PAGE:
0
$\begingroup$

I am trying to solve the following.

Consider measure space $$(\mathbb{N},\mathcal{P}(\mathbb{N}),\mu)$$ with $\mu$ as the counting measure.

With $s<0$, let $u:\mathbb{N} \rightarrow \mathbb{R}$ as $u(j)=1/j^s$

For which $s>0$ is $u \in \mathcal{L}^1$?

My idea is:

We have the integral $$\int_{\mathbb{N}} (1/j)^s \, d\mu=\sum_{j=1}^\infty (1/j)^s$$

And so we get a p-series which only converges with $s>1$

So that $u\in \mathcal{L}^1$ when $s>1$

However I am in doubt if I can just change the integral to a sum like this because it is on the singletons of natural numbers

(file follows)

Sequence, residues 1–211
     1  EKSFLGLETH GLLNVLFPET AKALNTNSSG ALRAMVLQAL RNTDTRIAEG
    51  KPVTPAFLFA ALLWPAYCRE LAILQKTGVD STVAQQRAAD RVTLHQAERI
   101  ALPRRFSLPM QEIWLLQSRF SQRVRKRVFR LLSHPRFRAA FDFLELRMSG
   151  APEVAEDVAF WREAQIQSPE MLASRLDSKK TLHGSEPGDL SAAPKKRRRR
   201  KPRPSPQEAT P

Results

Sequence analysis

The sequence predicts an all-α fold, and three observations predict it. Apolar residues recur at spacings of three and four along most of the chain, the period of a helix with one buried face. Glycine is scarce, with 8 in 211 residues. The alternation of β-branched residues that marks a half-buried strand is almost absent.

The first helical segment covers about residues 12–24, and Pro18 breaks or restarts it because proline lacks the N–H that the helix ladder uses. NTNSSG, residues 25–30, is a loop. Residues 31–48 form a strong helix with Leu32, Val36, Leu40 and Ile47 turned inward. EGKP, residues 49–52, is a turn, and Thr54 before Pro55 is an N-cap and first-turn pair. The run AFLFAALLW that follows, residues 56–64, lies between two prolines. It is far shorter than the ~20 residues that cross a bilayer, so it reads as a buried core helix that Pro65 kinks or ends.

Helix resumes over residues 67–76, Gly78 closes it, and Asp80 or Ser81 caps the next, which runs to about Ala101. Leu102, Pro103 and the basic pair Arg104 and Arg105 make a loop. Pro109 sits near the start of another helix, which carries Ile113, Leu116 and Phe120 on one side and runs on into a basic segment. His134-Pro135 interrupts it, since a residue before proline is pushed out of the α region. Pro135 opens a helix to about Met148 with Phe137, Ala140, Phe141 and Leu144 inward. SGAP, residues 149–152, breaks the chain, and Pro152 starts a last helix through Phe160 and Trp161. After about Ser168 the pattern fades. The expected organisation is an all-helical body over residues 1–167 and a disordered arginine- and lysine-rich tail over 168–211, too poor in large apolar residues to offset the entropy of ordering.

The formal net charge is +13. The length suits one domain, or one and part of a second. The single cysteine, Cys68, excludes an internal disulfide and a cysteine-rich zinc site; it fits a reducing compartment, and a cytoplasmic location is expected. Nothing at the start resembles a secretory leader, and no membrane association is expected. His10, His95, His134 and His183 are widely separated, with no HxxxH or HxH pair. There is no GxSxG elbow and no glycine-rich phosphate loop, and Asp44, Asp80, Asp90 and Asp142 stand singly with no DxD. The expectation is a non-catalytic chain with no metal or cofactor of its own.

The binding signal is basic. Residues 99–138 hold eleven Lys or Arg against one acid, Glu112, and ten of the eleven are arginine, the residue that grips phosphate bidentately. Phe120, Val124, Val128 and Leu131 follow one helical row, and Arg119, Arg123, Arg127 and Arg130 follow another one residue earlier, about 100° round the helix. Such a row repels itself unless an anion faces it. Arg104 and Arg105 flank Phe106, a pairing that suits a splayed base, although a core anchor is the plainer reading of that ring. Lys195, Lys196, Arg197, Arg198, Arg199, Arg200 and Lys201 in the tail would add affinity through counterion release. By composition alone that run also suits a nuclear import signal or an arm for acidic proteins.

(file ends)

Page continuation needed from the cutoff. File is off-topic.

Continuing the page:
Any help would be appreciated

$\endgroup$
2
$\begingroup$

$\int f d\mu=\sum\limits_{n=1}^{\infty} f(n)$ is true for any non-negative function on $\mathbb N$.

$f_n(k)=f(k)$ for $ k \leq n$ and $0$ for $k>n$ defines a sequence of simple functions increasing to $f$ so $\int f d\mu=\lim \int f_n d\mu$ and $(\int f_n d\mu)$ is nothing but the partial sum sequence of the series $\sum_k f(k)$

$\endgroup$

Your Answer

By clicking “Post Your Answer”, you agree to our terms of service, privacy policy and cookie policy

Not the answer you're looking for? Browse other questions tagged or ask your own question.